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ok excuse my ignorance, but wasn’t the great transition that first, they broke everything (it was definitely the case at Firefox, did that coincide with the TB breakage?) and then they would successively restore APIs. So my bewilderment stems from the fact that this is still going the other direction, stuff being broken/removed instead of restored.

The point of building stable APIs that add-ons talk to is so that you can change the stuff under the hood inside the application without breaking the add-ons. As long as you maintain the API interface, the add-ons keep working even if there are tons of changes they can’t see.

However, there is a ton of functionality that all the Thunderbird add-ons need to be able to do what they do, and the Thunderbird team wasn’t large enough to build all the APIs at once, so they’re implementing them gradually over time, prioritizing the ones that are required by the most / most popular add-ons. In the meantime, other add-ons, which need APIs that aren’t built yet, need to keep messing around inside Thunderbird’s internals, i.e., the unstable stuff. This is what causes some add-ons to break when there are new Thunderbird releases: Thunderbird needs to change something in a part of the code that isn’t supported by an API yet, and the add-on code that works directly with that internal Thunderbird code stops working as a result.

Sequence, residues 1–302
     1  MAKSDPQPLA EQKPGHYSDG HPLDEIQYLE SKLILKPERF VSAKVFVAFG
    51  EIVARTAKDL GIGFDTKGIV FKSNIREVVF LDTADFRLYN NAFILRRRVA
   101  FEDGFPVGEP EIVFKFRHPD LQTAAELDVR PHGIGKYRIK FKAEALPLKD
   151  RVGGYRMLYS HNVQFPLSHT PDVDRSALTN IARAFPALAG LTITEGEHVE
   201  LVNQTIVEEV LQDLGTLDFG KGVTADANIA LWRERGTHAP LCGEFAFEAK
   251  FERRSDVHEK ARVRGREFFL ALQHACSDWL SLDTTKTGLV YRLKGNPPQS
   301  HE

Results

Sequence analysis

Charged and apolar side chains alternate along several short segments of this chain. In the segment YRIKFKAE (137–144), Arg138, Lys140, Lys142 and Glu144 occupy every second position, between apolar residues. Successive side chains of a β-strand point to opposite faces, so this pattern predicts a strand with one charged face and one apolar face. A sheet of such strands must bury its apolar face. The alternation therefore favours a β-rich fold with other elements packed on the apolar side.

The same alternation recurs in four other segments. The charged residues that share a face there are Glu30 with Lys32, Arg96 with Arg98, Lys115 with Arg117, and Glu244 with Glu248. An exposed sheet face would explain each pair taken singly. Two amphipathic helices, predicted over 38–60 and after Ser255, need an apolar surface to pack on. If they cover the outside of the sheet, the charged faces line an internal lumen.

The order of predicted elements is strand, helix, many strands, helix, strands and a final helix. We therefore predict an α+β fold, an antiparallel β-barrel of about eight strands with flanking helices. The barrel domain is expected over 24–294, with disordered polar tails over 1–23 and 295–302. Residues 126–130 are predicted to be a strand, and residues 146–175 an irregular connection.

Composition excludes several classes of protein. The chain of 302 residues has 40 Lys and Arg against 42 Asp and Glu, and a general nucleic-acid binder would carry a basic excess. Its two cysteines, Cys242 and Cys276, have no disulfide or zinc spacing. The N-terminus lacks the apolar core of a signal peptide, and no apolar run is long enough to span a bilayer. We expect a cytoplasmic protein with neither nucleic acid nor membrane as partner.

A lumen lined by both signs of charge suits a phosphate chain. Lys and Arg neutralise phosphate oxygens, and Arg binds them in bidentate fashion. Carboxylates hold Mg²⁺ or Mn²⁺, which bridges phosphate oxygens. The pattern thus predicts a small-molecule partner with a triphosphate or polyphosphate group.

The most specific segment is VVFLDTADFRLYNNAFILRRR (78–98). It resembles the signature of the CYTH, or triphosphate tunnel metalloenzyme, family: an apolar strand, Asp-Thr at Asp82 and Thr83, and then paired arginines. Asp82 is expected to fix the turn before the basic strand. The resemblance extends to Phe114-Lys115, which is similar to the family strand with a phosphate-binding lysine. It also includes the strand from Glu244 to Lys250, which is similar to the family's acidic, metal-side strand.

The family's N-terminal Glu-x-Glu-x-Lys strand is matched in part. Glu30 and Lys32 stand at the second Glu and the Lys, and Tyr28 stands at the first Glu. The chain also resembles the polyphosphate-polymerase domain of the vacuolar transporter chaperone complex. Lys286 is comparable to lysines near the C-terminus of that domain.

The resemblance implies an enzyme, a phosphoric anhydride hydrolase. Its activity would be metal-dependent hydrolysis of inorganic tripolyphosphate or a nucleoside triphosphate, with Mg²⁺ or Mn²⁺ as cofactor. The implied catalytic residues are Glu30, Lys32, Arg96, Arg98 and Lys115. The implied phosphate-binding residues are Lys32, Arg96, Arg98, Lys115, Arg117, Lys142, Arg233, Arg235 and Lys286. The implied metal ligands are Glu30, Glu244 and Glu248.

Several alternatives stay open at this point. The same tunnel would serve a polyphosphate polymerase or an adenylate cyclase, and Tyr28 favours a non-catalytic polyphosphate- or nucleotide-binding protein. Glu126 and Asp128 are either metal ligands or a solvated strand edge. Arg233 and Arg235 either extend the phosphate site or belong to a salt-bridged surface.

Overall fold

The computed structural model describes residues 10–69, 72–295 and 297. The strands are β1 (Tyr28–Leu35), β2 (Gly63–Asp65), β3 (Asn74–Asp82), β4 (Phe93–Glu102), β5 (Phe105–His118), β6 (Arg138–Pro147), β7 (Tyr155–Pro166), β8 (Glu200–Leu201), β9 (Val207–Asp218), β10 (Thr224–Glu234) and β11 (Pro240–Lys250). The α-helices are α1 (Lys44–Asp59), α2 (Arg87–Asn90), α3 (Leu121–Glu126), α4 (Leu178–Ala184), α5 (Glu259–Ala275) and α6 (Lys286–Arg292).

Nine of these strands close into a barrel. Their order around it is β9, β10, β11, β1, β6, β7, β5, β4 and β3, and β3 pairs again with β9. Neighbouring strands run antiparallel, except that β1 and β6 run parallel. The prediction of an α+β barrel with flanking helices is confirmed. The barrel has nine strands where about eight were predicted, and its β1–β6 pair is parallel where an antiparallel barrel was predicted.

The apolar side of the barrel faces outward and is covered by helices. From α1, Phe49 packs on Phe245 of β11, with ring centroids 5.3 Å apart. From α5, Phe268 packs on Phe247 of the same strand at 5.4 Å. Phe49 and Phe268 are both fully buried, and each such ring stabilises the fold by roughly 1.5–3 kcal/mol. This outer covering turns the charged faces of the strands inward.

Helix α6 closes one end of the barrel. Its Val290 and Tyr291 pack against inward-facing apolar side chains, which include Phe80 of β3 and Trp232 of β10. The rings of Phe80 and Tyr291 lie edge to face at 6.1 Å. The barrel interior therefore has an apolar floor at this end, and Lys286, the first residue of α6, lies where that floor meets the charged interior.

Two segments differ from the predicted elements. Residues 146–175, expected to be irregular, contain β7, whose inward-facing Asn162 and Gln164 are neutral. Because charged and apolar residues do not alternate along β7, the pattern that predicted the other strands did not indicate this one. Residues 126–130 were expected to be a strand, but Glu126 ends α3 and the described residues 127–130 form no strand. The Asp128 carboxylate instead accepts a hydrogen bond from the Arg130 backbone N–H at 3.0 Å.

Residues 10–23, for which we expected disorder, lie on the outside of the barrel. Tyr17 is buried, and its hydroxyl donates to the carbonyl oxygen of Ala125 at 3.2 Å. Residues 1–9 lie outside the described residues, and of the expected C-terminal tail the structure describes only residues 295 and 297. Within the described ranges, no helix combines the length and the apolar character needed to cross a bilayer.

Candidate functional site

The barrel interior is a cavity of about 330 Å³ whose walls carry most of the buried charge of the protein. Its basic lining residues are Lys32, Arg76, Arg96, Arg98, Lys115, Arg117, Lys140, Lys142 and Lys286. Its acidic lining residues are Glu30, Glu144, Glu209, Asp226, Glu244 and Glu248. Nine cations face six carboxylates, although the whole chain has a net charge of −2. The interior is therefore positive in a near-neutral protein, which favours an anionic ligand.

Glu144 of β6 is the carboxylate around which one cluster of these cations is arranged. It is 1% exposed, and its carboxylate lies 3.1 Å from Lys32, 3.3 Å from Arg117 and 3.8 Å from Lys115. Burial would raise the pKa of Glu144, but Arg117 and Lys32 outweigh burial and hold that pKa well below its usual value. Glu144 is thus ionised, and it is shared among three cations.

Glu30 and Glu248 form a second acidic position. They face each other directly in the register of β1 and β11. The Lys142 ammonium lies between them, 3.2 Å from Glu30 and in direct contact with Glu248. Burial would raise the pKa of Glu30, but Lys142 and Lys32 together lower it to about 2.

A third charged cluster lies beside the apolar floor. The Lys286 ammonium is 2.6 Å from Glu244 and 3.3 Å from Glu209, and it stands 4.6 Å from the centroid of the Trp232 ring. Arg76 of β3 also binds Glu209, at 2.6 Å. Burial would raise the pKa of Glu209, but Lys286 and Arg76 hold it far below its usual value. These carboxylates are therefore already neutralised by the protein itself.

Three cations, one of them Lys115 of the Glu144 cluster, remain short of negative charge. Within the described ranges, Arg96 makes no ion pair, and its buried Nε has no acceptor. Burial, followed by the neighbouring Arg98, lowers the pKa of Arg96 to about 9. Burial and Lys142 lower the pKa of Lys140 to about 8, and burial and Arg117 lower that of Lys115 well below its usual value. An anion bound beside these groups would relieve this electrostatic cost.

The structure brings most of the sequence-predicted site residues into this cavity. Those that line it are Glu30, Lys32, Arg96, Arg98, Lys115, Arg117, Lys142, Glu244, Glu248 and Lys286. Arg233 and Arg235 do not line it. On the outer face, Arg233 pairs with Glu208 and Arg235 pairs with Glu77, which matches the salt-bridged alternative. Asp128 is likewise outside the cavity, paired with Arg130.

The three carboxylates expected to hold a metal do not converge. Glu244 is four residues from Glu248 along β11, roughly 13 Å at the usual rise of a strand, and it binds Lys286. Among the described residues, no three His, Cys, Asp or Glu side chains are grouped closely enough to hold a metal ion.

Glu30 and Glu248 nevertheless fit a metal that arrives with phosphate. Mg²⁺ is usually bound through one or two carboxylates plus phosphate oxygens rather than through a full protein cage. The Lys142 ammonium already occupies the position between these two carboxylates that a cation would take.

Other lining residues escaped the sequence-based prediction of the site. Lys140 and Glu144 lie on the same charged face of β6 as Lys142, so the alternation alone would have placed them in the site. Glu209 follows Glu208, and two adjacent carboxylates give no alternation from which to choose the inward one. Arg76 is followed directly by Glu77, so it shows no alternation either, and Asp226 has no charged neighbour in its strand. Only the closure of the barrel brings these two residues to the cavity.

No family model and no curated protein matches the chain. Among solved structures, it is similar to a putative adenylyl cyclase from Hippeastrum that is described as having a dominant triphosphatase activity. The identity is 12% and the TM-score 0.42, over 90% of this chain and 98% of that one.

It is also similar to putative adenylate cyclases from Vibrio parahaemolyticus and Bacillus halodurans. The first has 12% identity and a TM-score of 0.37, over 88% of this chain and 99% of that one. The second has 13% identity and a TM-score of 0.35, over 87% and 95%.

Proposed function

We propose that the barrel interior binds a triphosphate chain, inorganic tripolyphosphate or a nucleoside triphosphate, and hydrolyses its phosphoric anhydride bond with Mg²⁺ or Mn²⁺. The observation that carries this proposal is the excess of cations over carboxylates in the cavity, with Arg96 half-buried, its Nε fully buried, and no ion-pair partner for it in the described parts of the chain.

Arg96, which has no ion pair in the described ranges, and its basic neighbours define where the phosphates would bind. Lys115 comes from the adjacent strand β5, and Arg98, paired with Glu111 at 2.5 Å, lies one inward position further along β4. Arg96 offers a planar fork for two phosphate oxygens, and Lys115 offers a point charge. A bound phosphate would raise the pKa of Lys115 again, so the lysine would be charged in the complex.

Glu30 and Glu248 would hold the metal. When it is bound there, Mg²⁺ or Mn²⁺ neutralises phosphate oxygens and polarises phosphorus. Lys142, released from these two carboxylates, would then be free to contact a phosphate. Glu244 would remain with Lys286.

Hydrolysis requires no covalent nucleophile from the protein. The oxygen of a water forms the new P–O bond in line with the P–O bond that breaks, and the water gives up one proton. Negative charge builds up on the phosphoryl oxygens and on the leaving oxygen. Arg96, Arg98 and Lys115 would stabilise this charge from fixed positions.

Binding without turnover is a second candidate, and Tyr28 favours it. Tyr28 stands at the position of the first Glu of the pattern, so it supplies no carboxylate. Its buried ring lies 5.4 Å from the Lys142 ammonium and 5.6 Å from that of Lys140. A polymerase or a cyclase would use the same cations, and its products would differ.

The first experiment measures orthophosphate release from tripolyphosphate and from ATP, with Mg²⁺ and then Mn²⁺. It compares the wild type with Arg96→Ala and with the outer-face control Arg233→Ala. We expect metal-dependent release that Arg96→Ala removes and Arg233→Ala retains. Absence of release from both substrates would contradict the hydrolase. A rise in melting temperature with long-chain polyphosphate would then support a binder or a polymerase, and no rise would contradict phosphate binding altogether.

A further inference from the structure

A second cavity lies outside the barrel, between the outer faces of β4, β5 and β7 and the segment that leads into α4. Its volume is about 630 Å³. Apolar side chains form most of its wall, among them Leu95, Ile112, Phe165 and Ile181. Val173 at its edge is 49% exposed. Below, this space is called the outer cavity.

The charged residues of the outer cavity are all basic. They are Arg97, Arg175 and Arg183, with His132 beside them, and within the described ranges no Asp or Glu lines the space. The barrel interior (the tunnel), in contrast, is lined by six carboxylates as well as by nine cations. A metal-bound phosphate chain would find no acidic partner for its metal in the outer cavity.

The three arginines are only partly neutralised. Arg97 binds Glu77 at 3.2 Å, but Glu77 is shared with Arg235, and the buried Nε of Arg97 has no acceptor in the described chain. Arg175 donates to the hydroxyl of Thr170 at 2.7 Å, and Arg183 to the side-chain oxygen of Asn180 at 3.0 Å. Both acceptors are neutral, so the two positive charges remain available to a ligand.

As more add-on APIs are built and stabilized in Thunderbird this will happen less often. The aspirational goal is for the APIs to be sufficient that none of the add-ons will ever have to talk directly to internal Thunderbird code. I’m honestly not sure that’s achievable, but we can get a lot closer than we are now, and therefore get to a point where a lot fewer add-ons break when new TB versions are released.

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Es ist tatsächlich zum Kotzen! Nostalgy++ ist für mich DER Grund, Thunderbird zu nutzen. Und jetzt zum zweiten Mal: Eine neue Version von Thunderbird und Nostalgy++ funktioniert nicht mehr. Es ist schlimm genug, daß bei neuen Programmversionen so häufig das graphische Erscheinungsbild geändert wird.

The developer is working on an update.
He wrote: " A test version for TB 115 is at"